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  1. Oswaldo Chateaubriand (2010). Quine and Ontology. Principia 7 (1-2):41-74.
    Ontology played a very large role in Quine’s philosophy and was one of his major preoccupations from the early 30’s to the end of his life. His work on ontology provided a basic framework for most of the discussions of ontology in analytic philosophy in the second half of the Twentieth Century. There are three main themes (and several sub-themes) that Quine developed in his work. The first is ontological commitment: What are the existential com-mitments of a theory? The second (...)
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  2. Oswaldo Chateaubriand (2007). The Truth of Thoughts: Variations on Fregean Themes. Grazer Philosophische Studien 75 (1):199-215.
    In this paper I present an abstract theory of senses, thoughts, and truth, inspired by ideas of Frege. "Inspired" because for the most part I shall not pretend to interpret Frege in a literal sense, but, rather, develop some of his ideas in ways that seem to me to preserve important aspects of them. Senses are characterized as identifying properties; i.e., roughly, as properties that apply, in virtue of their logical structure, to exactly one thing, if they apply to anything (...)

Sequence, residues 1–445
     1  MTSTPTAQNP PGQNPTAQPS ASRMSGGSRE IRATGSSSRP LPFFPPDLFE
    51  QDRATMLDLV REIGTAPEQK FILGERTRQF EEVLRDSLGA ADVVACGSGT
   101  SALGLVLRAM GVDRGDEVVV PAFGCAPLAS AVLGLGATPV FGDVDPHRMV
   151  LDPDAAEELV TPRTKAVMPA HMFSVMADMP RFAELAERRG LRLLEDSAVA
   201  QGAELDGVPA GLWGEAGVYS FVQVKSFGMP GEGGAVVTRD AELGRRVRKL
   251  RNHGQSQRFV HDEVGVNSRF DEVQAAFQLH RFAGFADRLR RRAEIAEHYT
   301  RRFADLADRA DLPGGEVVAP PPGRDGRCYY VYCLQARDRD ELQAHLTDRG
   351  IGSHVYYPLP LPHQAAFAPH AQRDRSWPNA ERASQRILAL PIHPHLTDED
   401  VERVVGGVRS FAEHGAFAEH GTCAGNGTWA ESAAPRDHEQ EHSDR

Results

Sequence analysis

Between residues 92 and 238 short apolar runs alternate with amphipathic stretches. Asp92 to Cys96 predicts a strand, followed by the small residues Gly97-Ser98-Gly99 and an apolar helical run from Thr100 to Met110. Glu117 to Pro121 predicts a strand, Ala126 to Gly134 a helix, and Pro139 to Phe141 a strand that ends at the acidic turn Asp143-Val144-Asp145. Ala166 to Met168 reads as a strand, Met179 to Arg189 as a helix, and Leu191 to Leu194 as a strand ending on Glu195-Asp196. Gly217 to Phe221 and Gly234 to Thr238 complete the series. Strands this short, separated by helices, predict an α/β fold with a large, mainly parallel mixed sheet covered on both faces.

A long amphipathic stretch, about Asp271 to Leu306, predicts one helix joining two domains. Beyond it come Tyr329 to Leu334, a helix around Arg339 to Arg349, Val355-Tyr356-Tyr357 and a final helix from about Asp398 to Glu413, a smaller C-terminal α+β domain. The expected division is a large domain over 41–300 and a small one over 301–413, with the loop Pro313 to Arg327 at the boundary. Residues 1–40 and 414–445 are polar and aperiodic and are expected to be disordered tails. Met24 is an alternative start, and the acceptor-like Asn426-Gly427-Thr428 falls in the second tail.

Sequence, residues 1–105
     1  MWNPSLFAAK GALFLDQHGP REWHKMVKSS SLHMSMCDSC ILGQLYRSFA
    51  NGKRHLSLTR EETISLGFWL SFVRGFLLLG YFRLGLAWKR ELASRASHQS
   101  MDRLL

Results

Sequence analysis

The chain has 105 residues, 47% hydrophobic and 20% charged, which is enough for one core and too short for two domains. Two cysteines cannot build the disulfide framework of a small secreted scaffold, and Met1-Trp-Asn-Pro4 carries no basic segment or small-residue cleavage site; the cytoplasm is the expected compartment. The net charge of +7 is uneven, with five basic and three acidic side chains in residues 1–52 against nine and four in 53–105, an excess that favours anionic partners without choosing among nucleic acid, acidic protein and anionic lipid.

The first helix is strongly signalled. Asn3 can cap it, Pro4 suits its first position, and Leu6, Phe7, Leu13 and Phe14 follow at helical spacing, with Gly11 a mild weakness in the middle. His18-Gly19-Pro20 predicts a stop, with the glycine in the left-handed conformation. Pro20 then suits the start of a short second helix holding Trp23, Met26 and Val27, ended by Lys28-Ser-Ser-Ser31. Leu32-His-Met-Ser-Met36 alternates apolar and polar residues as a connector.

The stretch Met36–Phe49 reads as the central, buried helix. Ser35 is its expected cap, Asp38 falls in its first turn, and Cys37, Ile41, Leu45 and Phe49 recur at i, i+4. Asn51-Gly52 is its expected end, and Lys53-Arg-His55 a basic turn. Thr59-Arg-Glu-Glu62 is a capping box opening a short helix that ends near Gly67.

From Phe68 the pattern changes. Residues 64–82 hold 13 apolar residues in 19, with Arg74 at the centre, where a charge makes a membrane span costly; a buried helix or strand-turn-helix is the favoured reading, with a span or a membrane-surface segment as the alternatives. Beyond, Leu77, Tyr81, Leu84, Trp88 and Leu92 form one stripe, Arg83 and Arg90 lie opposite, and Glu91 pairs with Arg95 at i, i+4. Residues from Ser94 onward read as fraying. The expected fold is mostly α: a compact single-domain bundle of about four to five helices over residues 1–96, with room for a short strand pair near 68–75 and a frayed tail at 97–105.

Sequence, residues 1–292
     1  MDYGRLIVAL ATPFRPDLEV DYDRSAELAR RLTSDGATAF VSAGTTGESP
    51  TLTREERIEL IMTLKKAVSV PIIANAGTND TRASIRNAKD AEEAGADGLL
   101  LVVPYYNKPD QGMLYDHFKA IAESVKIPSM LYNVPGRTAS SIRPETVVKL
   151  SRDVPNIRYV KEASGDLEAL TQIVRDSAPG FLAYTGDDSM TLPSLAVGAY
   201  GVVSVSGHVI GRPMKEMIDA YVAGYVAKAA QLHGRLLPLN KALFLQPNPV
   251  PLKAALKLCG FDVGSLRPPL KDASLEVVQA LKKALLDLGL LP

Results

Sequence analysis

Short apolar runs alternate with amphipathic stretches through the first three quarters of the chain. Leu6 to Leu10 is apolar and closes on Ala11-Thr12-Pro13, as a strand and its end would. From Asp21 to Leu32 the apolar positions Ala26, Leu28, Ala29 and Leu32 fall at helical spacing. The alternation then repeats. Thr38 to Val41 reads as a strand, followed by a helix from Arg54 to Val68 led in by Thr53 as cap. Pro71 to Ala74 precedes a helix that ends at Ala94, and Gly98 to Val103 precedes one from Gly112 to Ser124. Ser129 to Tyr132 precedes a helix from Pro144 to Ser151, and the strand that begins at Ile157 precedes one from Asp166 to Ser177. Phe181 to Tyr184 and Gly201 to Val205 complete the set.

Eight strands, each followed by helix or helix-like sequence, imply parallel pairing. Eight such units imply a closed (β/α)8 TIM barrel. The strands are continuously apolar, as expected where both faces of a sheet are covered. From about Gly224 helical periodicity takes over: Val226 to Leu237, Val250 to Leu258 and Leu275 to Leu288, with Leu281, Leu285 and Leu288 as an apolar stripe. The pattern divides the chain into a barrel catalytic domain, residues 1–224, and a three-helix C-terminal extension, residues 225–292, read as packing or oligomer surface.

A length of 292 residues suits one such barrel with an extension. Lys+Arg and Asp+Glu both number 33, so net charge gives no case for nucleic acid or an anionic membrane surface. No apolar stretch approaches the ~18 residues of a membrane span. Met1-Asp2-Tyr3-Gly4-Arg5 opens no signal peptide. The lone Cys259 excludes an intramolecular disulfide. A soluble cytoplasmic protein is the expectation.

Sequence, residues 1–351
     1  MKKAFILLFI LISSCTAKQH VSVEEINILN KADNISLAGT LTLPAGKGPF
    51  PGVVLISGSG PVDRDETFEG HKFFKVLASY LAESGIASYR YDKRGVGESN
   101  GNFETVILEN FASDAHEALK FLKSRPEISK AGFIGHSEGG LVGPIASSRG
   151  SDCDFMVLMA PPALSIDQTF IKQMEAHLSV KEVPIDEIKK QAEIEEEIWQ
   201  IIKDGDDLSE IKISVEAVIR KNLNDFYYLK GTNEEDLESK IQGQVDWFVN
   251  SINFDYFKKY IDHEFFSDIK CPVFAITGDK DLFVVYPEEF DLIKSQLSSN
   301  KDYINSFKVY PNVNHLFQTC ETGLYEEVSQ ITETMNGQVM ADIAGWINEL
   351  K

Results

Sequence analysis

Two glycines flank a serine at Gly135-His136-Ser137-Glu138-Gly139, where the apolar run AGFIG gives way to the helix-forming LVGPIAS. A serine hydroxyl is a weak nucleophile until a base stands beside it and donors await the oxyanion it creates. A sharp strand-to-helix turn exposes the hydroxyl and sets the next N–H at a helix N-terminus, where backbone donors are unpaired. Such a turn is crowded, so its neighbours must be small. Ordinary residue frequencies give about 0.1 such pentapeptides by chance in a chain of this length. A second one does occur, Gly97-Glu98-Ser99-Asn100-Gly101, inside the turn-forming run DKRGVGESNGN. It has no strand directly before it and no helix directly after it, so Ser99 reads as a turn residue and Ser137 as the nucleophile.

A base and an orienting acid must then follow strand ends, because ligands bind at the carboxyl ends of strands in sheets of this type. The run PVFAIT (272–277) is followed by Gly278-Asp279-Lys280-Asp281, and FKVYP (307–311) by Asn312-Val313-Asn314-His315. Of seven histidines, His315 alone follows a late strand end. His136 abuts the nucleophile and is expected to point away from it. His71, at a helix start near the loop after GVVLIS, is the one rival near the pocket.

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  3. Oswaldo Chateaubriand (2002). Descriptions: Frege and Russell Combined. Synthese 130 (2):213 - 226.
  4. Oswaldo Chateaubriand (2000). Logical Forms. The Proceedings of the Twentieth World Congress of Philosophy 2000:161-182.
    The standard view of logical form is that logical forms are synthetic structures which are the forms of sentences and of other linguistic entities. This is often associated with a more general linguistic view of logic which is articulated in different ways by various authors. This paper contains a critical discussion of such linguistic approaches to logical form, with special emphasis on Quine’s formulation of a logical grammar in Philosophy of Logic. An account of logical forms as higher-order properties, which (...)
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